Monday, June 4, 2012

Amateur Natural History

I'm in Miami right now, and what with traveling yesterday didn't take the time to tell this little story so here goes. I was in my field yesterday morning when I heard a sound down in the bushes that sounded sort of, but not quite, like a dog barking, with commotion of a large animal.

Then a deer came shooting out of the woods, bounding at warp speed from some unseen menace, and it was the deer that was making the barking noise. I went on-line to check out audio of white tailed deer vocalizations, and I didn't find anything like it. More of an "oof oof off" than a dog's bark maybe. Presumably it's an alarm call, so hunters wouldn't want to imitate it, which would explain why I couldn't find a sample.

Oh yeah, in case you didn't know, deer make a lot of vocalizations, connected with mating, buck fighting over mates, mothers calling children, and calling together herds. But they're mostly rather quiet, more like clicks and rumbles than yelps.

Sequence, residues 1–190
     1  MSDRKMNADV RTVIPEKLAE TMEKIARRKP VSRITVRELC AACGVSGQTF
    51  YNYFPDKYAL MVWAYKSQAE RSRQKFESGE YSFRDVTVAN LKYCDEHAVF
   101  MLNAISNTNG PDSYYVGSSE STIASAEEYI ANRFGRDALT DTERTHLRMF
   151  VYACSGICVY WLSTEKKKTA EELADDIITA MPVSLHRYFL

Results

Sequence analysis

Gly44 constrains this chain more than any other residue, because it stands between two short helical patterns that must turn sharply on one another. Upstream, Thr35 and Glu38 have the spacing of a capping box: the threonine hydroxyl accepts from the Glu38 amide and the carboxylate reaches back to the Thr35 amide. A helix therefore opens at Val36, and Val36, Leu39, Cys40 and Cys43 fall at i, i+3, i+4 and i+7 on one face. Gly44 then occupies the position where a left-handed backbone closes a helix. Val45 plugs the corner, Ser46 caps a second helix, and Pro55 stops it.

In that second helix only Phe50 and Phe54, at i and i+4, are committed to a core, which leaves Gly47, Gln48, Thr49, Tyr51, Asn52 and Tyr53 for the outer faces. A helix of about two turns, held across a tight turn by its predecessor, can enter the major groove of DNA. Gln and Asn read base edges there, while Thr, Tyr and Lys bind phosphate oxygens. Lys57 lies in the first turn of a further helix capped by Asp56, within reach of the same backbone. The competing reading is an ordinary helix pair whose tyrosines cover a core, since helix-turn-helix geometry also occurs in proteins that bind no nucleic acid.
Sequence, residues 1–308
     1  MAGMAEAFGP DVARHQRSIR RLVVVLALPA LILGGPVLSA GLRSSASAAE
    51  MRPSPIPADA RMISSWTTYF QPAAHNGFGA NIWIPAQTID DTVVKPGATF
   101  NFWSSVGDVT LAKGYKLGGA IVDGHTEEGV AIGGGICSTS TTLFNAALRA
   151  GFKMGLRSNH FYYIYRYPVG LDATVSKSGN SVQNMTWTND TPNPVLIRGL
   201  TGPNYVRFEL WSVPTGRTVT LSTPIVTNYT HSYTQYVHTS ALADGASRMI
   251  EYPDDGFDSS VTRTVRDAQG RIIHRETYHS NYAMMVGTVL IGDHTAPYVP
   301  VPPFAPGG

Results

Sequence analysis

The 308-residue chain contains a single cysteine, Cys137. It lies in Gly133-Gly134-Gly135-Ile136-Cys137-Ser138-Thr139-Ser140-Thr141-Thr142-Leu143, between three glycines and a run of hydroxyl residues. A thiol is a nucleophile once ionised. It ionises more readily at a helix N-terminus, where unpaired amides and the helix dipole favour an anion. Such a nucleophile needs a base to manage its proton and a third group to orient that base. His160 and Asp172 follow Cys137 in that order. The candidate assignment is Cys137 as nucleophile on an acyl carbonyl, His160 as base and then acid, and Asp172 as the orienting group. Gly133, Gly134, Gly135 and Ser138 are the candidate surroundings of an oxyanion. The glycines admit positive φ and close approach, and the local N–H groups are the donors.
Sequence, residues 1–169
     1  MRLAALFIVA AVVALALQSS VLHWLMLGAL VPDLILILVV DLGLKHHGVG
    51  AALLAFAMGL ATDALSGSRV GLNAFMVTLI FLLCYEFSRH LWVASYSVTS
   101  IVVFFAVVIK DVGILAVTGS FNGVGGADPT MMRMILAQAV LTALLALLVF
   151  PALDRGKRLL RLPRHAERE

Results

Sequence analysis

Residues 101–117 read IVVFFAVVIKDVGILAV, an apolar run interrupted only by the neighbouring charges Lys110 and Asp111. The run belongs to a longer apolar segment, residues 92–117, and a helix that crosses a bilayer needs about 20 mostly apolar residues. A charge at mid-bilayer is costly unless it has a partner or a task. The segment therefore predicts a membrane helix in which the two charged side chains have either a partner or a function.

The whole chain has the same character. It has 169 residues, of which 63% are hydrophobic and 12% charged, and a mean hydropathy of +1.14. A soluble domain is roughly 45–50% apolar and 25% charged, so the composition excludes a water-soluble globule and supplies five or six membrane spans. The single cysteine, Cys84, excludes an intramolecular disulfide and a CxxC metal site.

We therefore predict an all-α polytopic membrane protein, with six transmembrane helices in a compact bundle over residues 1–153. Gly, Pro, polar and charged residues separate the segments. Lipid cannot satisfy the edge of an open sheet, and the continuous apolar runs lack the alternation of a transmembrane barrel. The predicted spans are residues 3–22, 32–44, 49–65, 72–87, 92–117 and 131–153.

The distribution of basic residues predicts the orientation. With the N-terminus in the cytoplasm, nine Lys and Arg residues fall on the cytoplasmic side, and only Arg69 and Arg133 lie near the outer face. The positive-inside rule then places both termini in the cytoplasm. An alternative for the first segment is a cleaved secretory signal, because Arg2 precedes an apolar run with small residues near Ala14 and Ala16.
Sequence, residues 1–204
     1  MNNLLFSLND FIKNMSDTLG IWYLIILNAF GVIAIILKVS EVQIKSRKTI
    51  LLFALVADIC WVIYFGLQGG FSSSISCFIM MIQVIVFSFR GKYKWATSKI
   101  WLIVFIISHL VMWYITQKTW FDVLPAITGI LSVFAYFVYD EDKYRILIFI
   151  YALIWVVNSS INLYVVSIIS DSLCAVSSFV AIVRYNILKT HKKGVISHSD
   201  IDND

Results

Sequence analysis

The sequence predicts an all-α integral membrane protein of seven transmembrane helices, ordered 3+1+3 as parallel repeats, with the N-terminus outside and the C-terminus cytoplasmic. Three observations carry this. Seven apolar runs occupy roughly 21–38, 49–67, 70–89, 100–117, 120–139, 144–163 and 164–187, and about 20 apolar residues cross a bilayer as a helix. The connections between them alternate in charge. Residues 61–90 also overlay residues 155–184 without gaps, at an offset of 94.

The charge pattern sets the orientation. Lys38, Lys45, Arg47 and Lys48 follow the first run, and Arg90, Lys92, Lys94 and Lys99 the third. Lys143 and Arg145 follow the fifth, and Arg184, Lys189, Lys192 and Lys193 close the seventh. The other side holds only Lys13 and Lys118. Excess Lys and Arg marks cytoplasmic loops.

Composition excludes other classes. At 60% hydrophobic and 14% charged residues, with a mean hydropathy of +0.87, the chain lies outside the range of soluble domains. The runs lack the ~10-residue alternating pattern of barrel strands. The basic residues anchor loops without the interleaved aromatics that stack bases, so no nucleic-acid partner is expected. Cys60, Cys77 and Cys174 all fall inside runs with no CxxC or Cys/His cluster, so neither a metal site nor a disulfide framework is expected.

For unknown reasons, I'll see deer in groups of any size from solitary animals, to pairs, to herds of a dozen or more. Why they form these fluid groups at times, and at times are alone, I have no idea. Turkeys are the same way, except that the possible size of a turkey flock is unlimited, as far as I know. Once I went down to the field and there were a hundred of them there, wall to wall over a good half an acre. Other times you'll see two or three. Of course you'll see a mother with chicks, and sometimes the mothers pair up so you'll see two of them with all their chicks together. Why? Beats me.


  1. I don't think I've ever heard a deer vocalization. How lucky that you did. I know I've never seen a field with a hundred turkeys. That must have been quite a sight.

  2. Sorry to say, years ago I was walking in the woods with one dog on leash and my mother's Weimaraner off leash. My mother's dog suddenly took off across the brook and into the woods. Next thing I know, there's a crashing of bushes and a fawn came running with my mother's dog behind it. I can tell you that fawns in terror bleat. I screamed myself hoarse at my mother's dog, but couldn't get across the brook easily. By the time I had tied up the on-leash dog and waded across the brook and tracked down the *&(^$#@! dog (I'm an ardent dog-lover, but I never liked that dog), it was too late. The fawn was dead.

  3. Just a couple of days ago I had to stop for a doe crossing the road with a tiny faun behind her - it couldn't have been more than 14 inches at the shoulder. As sad as you must have felt about the dog, it made me think of the days when wolves and pumas roamed these woods. The lives of those delicate, helpless creatures must have been perilous indeed.